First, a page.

This Things to Do in Akaroa post is from our visit to this small but picturesque town on the Banks Peninsula, during our stay in Christchurch, New Zealand. We visited Akaroa as part of our trip to New Zealand's South Island, including stays at luxury lodges in Christchurch and Queenstown. For the prior posts please see:
Getting to Akaroa
Akaroa is just over 50 miles from Christchurch, but due to some of the windy roads, count on about 1.5 hours to reach it from Christchurch, or about 1 hour 15 minutes from Otahuna, depending on traffic. The good thing is that once you get on State Highway 75 going towards Akaroa, you're unlikely to get lost, since it's the only major road.
Things to Do in Akaroa
1. Enjoy a Scenic Walk by the Bay
Akaroa is a small harbor town, and very walkable. Enjoy the glimpses of the bay (see first photo of the post) on your drive into Akaroa. Then wander along the harbor to take in the views:
You also can't help but notice some of the landmarks, which are by the water, such as this stone laid in 1940, commemorating the 100th anniversary of the arrival of Akaroa's first French settlers in 1840:
Or Akaroa's War Memorial, which had to be rebuilt after being partially destroyed after the major Canterbury earthquake in 2010, which Christchurch and its environs are still recovering from.
2. Go Sea Kayaking in Pohatu Marine Reserve
We'd originally planned to swim with Akaroa's rare Hector's dolphins with Black Cat Cruises, but due to the stormy weather that preceded our visit, it was cancelled that morning–unfortunately Black Cat didn't even notify us until we were already on our way to Akaroa, so I wasn't happy about that, as it left us no time to make other plans.
In retrospect, I would instead have booked us to go sea kayaking in Pohatu Marine Reserve with Pohatu Penguins. There are trips that depart Akaroa at 12 noon, with a ride in a 4WD to Pohatu, followed by guided sea kayaking in the bay. There's a chance (though not guaranteed–these are of course wild dolphins) to see Hector's Dolphins up close while sea kayaking, as well as other marine life and birds.
3. Have Lunch at The Brasserie
While there are various restaurants by the wharf, we bypasssed these and instead wandered over to the more residential area of Akaroa, where The Brasserie Kitchen and Bar is, at 41 Rue Lavaud. It has a lovely rose garden leading up to the house, with seating right in the garden as well as on the covered veranda. Our friendly young server was even French and visibly happy when I spoke French with her. Plus, there was free WiFi, making it easy to quickly check my email and get a little work done.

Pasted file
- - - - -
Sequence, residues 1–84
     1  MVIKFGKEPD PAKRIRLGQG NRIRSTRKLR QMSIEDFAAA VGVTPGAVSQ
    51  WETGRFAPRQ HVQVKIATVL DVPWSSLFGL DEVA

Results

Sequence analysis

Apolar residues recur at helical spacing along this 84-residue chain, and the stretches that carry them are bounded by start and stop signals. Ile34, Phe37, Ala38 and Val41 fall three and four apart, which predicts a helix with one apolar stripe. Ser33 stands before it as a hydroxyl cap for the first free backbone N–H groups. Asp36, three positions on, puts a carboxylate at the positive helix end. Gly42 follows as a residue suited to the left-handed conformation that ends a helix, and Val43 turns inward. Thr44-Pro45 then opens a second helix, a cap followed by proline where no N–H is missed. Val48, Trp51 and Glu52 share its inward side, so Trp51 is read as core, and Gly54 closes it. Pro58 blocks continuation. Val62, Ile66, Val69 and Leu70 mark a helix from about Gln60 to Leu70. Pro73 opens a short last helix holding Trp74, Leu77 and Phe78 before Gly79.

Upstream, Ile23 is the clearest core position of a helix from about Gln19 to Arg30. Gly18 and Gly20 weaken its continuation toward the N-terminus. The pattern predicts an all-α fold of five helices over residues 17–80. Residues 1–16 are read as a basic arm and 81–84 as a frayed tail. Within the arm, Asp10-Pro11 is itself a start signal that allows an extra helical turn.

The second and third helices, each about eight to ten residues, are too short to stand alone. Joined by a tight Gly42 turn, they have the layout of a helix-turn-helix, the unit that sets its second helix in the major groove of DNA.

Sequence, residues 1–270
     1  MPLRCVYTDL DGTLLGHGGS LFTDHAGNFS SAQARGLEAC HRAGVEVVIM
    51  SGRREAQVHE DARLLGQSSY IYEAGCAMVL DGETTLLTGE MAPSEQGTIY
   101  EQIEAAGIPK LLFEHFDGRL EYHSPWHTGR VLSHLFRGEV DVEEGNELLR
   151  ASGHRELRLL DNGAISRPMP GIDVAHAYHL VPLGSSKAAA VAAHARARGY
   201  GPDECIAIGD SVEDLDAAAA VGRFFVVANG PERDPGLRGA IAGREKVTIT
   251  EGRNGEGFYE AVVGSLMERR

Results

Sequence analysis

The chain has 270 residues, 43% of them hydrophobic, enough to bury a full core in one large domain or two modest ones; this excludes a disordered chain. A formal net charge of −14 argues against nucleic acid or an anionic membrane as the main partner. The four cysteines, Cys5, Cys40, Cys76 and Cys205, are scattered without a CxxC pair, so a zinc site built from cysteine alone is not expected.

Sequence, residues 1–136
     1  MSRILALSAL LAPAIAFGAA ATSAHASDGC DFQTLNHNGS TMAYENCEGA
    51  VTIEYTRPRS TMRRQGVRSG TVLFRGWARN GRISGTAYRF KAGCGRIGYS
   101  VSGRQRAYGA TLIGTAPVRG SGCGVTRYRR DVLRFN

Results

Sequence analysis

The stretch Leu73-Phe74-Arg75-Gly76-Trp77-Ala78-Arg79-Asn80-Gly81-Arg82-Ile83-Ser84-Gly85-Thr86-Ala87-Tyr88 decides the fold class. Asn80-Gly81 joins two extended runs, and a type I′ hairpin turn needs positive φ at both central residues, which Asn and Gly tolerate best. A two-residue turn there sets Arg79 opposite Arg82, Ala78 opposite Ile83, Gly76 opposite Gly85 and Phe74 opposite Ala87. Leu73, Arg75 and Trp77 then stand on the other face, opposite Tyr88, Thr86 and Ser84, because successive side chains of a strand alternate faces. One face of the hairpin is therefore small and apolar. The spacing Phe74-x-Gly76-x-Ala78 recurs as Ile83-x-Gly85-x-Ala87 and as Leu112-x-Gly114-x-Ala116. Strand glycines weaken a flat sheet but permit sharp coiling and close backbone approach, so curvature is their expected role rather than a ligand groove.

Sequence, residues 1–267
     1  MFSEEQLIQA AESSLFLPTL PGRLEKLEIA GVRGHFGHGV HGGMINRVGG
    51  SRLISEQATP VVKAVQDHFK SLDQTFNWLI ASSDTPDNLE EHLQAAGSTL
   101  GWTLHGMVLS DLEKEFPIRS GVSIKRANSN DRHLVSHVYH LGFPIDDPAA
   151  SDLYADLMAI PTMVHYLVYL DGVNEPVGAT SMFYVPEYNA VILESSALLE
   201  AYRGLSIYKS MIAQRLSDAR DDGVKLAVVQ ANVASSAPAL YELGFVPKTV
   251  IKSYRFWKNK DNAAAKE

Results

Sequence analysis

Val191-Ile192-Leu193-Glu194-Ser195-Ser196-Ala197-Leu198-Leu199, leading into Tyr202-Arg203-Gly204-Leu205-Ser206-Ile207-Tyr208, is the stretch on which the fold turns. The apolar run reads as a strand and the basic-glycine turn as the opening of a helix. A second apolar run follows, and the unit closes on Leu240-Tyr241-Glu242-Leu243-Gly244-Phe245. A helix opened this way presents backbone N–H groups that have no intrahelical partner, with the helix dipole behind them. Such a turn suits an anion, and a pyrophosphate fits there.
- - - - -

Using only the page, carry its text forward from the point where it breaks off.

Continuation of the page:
I really enjoyed my Moroccan Seafood Chowder, with its warming spices and generous chunks of seafood, served with garlic bread:
And my husband was happy that they accommodated his request to order French Toast with blueberry compote off the breakfast menu. Usually it's hard for me to get excited about french toast, but this was excellent.
4. Learn About Akaroa's History at The Akaroa Museum
After our lunch, we stopped in at the Akaroa Museum, just a few doors down at 71 Rue Lavaud, to learn more about the town's history.
The indigenous Maori who had originally settled the Banks Peninsula where Akaroa is located enjoyed the rich natural resources of the area. They cultivated kumara (a type of sweet potato), a staple part of their diet, as well as Karaka trees, valued for their berries. The Maori also fished the bay, gathered shellfish on the coasts, and trapped eel in the streams.
The town's French flavor, from its street names to some of the historical homes and trees planted there, stem from the small group of early French settlers who arrived on the Comte de Paris in 1840, two years after Captain Jean Francois Langlois had purchased land in the area from local Maori.
But in the two year interim that it took Langlois to gather prospective French settlers, the British, who were shocked by the involvement of Captain John Stewart in helping one Maori chief Te Rauparaha to capture and kill a rival Maroi, Te Maiharanui, issued an Imperial Proclamation in 1839 that claimed New Zealand for Britain. Hence, when the French settlers arrive at Akaroa on July 11, 1840, they found the Union Jack already flying, and ended up settling in spite of the British sovereignty that had already been established, and that the Treaty of Waitangi, signed earlier in 1840, had established New Zealand as a British colony, though Maori chiefs were to keep their land and chieftainships, and all Maori were to have the same rights as other British subjects (though these latter rights would be subject to dispute and bitterly fought over in later years).
In addition to the written historical displays, I recommend watching the film next door, especially if you have younger kids who may not be up for reading the history but would be more engaged by a film.
5. Skip Stones by Akaroa Harbor
After trying to check in for our Black Cat dolphin cruise and finding it canceled, my husband and son walked along the harbor's edge and enjoyed finding flat stones to skip along the water.
6. Visit Barry's Bay Cheese Company on the Way Back from Akaroa
It's no secret that New Zealand has a thriving cheese industry–in fact, one of the cheeses I regularly buy at my local Trader Joe's is New Zealand grass-fed cheddar. A nice stop on the way back from Akaroa is Barry's Bay Cheese Company. While they weren't making cheese the day we were there, we watched a movie of the process, and of course bought some yummy prize-winning aged Gouda.
If you've visited the Banks Peninsula, what do you recommend as things to do in Akaroa?
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